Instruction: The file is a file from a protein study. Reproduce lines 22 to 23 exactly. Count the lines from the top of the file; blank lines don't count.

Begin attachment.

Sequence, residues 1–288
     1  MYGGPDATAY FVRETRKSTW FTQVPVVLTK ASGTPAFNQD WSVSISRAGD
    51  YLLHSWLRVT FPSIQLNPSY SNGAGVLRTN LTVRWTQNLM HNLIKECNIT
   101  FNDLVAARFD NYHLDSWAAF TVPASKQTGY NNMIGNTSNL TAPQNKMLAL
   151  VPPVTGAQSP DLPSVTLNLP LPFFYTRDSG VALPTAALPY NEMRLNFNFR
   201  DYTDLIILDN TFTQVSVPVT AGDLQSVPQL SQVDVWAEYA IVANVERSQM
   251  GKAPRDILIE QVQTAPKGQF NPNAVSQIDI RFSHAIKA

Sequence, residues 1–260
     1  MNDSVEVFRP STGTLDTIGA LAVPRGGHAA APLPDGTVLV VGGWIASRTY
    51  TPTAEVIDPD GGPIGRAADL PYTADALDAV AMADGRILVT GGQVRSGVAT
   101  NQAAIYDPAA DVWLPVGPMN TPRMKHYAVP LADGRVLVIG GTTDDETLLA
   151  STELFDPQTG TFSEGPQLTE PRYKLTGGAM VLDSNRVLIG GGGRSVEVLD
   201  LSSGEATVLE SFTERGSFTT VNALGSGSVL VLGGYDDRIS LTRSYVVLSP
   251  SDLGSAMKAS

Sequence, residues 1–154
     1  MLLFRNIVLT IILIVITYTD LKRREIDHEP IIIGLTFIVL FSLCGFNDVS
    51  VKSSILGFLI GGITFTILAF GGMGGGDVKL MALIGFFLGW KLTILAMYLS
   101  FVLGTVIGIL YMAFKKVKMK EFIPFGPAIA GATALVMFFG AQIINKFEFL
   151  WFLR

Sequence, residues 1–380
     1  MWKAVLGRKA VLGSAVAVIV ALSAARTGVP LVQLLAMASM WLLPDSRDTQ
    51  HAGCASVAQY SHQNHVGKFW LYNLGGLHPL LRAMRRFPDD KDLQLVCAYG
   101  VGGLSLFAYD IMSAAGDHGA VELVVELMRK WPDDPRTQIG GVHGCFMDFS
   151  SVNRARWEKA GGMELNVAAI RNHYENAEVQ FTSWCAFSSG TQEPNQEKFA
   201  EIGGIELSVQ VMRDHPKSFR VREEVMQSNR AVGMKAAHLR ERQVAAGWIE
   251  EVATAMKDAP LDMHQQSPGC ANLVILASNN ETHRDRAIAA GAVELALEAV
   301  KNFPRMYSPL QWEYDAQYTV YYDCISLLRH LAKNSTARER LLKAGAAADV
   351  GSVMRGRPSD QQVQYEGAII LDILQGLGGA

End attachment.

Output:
    51  HAGCASVAQY SHQNHVGKFW LYNLGGLHPL LRAMRRFPDD KDLQLVCAYG
   101  VGGLSLFAYD IMSAAGDHGA VELVVELMRK WPDDPRTQIG GVHGCFMDFS